For all its dynamic top-line growth, e-commerce displays the lowest median profit margin of all segments. Anecdotal evidence from click-and-mortar retailers (i.e. those that operate both physical stores and a proprietary e-commerce website) also point to lower profitability of online sales due to generally lower realized prices and the high cost of competitive logistics (product delivery and returns are overwhelmingly free of charge). In other words, the shift from offline to online is not neutral when it comes to profitability; it has so far been a net negative. The transformation of retail business models (see box 2) is far from achieved and steady profitability remains the exception, not the rule, in e-commerce. The adoption of new business models also carries inherent transition risks.
Figure 6: median EBITDA margins by segment (EBITDA as % of sales, 2018)
Box 2 – How e-commerce has transformed retail business models
E-commerce has made the retail competitive game far more complex, with companies trying to strike the right balance between physical and online presence, customer acquisition and profitability. The list below sets forth the dominant business models in the retail industry, bearing in mind that they may not be mutually exclusive:
- Brick-and-mortar refers to retail companies without proprietary e-commerce capabilities. They still make up for the vast majority of independent retailers and remain dominant in many sub-segments of the retail industry (car dealerships or drugstores, for instance).
- Click-and-mortar refers to companies operating both physical stores and online stores. Customers generally place their orders online and decide whether they opt for delivery or product pick-up in a store. Click-and-mortar has become the dominant business model for incumbent discretionary retailers.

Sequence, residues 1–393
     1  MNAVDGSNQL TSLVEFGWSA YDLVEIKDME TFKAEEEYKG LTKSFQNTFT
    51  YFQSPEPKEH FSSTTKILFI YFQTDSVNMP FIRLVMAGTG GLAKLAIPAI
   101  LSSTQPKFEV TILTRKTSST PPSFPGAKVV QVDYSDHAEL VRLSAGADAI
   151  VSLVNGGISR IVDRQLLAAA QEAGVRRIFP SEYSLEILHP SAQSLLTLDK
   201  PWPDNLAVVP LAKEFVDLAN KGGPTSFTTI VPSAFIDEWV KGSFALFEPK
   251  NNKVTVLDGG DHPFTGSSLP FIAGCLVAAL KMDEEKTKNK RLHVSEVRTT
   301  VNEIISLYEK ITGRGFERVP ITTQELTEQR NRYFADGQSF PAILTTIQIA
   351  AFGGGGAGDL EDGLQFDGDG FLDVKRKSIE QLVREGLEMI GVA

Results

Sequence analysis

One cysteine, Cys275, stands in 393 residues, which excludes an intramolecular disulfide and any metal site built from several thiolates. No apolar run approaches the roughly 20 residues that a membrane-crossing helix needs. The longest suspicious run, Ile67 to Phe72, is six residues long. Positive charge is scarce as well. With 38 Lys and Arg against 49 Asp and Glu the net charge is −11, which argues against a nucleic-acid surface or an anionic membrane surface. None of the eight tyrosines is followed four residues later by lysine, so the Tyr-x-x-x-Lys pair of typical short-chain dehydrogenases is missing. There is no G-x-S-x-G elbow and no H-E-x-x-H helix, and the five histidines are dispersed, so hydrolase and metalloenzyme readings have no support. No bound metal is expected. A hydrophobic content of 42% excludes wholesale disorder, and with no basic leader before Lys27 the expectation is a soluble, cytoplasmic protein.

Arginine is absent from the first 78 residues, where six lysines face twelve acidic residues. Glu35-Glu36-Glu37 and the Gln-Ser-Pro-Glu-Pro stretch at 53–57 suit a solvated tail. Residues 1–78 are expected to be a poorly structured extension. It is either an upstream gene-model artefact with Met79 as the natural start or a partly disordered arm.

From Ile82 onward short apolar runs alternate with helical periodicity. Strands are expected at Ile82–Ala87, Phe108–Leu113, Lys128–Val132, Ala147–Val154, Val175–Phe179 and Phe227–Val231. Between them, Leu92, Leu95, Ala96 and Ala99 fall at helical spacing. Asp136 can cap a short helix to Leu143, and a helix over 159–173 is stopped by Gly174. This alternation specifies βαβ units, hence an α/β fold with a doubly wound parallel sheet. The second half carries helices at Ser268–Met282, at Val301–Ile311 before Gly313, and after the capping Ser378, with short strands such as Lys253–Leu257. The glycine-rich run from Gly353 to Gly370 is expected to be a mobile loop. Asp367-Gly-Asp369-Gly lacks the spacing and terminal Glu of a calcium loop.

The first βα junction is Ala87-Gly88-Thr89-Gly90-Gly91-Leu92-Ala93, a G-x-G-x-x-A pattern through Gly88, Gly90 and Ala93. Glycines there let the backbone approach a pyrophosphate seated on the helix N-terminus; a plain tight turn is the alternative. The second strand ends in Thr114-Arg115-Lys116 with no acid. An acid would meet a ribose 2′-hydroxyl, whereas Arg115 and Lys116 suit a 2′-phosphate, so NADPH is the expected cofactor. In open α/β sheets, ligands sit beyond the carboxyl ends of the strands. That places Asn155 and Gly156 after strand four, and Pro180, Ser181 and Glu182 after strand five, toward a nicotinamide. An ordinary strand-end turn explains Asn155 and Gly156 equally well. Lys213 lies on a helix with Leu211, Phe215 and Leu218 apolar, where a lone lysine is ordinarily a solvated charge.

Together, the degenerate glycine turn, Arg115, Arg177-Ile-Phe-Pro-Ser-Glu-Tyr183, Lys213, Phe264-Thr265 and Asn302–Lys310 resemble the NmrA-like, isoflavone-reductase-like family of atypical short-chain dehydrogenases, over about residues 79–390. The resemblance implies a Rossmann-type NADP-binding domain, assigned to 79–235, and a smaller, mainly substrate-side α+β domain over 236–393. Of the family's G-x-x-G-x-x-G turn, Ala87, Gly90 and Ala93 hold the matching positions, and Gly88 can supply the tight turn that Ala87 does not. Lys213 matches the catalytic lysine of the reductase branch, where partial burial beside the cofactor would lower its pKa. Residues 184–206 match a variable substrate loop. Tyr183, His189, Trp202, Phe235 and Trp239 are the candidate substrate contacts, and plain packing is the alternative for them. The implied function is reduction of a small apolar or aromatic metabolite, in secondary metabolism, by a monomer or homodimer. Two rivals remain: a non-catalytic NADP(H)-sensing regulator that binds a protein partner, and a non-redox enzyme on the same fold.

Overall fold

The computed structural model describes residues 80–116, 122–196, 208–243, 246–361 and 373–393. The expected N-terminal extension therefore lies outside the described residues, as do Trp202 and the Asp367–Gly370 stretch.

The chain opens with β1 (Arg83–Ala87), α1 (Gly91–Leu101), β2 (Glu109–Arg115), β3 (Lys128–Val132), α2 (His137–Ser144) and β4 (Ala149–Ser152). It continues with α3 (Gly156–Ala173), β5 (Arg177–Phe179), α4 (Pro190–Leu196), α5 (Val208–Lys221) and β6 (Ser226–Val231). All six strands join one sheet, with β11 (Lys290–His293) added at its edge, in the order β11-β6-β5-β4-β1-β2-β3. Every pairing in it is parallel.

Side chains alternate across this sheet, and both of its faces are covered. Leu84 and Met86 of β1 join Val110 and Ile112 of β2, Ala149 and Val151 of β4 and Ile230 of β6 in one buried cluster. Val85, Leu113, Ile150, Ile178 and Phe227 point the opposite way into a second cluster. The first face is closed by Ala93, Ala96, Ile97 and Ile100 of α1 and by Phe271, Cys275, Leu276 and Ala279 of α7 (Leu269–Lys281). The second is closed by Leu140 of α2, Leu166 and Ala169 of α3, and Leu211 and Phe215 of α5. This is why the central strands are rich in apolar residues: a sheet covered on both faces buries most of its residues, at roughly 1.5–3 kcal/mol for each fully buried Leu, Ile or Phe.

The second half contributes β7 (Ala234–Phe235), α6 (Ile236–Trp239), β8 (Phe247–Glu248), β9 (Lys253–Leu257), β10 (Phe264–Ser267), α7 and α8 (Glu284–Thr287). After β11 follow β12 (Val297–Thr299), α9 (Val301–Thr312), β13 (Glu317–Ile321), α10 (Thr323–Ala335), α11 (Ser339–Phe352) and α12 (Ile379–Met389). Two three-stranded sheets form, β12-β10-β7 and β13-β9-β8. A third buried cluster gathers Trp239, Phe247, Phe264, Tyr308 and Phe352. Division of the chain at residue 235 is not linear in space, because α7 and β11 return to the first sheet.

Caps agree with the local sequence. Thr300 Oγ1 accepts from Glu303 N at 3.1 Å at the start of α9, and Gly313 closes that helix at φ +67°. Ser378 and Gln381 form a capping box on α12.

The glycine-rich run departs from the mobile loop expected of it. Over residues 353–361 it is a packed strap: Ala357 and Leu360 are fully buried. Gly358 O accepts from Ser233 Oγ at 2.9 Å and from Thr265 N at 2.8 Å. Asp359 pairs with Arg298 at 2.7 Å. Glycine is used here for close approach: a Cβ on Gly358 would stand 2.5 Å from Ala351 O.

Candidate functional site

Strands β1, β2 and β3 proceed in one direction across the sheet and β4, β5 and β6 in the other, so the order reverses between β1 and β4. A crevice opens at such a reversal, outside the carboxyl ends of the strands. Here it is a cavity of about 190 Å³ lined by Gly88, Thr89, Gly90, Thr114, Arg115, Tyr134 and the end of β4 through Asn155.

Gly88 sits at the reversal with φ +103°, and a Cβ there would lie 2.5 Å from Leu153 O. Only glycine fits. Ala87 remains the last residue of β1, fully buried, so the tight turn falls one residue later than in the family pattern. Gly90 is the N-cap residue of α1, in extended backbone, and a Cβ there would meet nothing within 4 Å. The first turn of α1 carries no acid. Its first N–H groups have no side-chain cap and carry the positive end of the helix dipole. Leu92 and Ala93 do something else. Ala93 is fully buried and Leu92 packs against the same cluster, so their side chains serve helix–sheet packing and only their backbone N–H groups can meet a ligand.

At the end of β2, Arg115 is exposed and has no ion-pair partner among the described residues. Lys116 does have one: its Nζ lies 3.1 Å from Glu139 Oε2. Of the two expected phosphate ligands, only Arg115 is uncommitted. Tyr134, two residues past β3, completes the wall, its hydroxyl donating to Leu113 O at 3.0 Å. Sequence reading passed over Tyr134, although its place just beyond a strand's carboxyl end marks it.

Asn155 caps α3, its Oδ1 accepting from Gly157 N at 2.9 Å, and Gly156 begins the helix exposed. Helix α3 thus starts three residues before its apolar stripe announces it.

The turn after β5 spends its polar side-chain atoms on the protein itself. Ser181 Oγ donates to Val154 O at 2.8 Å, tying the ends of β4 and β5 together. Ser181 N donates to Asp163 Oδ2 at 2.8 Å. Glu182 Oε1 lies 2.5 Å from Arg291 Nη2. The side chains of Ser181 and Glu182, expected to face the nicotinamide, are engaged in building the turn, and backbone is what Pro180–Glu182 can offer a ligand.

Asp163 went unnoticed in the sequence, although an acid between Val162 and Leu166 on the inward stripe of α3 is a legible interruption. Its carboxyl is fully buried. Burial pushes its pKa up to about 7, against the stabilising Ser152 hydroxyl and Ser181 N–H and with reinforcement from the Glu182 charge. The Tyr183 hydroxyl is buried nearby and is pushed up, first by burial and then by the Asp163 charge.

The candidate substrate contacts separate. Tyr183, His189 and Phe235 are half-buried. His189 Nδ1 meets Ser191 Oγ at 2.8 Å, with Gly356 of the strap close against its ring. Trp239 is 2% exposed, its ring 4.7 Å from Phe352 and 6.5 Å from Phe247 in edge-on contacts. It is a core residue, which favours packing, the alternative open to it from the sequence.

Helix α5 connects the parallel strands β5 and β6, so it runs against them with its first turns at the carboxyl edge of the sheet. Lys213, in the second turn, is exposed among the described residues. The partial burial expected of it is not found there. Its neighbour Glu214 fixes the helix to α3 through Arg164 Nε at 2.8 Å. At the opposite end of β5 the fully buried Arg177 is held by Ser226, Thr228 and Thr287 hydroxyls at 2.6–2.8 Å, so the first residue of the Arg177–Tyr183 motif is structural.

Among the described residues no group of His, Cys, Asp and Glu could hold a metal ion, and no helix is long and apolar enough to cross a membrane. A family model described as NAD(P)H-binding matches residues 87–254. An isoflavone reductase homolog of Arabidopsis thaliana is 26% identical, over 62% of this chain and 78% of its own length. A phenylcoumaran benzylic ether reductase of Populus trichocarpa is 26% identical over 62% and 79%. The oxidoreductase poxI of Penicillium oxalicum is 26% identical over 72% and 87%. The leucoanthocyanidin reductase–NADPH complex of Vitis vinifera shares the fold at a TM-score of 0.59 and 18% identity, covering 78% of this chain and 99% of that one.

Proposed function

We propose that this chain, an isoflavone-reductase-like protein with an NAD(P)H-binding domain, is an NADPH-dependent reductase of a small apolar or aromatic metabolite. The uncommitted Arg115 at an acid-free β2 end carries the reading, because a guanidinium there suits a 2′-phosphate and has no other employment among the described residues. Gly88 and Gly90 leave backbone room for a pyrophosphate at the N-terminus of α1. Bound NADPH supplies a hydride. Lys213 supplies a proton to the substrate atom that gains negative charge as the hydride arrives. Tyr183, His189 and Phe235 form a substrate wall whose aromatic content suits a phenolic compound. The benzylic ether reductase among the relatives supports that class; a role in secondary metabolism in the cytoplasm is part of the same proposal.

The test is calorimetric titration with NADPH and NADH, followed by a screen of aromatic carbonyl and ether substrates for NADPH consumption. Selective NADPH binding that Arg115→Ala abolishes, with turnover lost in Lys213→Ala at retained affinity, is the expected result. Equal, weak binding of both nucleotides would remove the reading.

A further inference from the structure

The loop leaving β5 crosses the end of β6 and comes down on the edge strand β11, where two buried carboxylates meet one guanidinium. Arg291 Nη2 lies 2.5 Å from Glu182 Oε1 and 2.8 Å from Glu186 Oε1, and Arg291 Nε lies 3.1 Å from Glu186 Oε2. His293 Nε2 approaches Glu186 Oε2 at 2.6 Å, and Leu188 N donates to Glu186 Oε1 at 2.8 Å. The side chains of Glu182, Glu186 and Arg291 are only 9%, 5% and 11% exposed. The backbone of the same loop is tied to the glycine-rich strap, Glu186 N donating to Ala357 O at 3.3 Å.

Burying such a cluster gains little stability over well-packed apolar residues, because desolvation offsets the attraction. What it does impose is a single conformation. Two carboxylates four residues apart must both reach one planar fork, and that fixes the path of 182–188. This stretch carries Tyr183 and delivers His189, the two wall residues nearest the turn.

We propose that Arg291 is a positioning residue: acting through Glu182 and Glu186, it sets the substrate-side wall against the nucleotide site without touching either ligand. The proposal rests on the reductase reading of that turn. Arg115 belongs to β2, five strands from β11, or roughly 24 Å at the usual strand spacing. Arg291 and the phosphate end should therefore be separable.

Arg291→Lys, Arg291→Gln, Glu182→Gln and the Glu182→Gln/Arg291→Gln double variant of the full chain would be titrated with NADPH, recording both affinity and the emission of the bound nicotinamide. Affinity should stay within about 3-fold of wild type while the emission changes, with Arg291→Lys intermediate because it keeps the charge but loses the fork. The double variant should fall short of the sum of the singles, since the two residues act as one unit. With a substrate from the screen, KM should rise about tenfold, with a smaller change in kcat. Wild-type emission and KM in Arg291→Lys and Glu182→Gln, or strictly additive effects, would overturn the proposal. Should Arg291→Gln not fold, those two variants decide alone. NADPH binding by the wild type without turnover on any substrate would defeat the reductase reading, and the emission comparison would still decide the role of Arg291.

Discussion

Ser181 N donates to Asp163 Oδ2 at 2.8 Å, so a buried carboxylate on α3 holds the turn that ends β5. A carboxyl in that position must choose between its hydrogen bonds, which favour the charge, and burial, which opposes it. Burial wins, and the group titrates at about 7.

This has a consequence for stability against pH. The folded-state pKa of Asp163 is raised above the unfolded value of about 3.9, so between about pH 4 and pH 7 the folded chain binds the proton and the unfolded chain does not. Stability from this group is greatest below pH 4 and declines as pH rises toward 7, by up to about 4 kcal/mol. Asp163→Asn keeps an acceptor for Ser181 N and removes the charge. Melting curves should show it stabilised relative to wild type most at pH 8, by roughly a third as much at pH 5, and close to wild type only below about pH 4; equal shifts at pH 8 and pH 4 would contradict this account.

- Much like former mail order companies, online stores have no physical presence but replicate the traditional retail business model, that is the retail of various items bought in large quantities at a profit. Founded in 1994, Amazon began as an online store selling books.
- Unlike online stores, a marketplace does not own the products available on its platform. Rather, it serves as an online meeting place for buyers and sellers (“merchants”) and generates revenues by collecting fees and commissions on transactions. Founded in 1995 as an auction website, eBay has been a pioneer marketplace.
- Online merchants are companies selling on online marketplaces. They may or may not have proper physical stores.
- Direct-to-consumer refers to born-digital product companies with an end-to-end control over product design, marketing and distribution, generally selling a limited range of upmarket items on a proprietary online store.
- “Super-apps” refer to mobile applications revolving around one strong central application and a set of related services which can include e-commerce, messaging, food delivery, mobile payment or ride-hailing. Chinese super-apps Alipay (Alibaba) and WeChat (Tencent) have, so far, no equivalent in Europe or in the US.
While growing at a double-digit rate, e-commerce sees few successful new entrants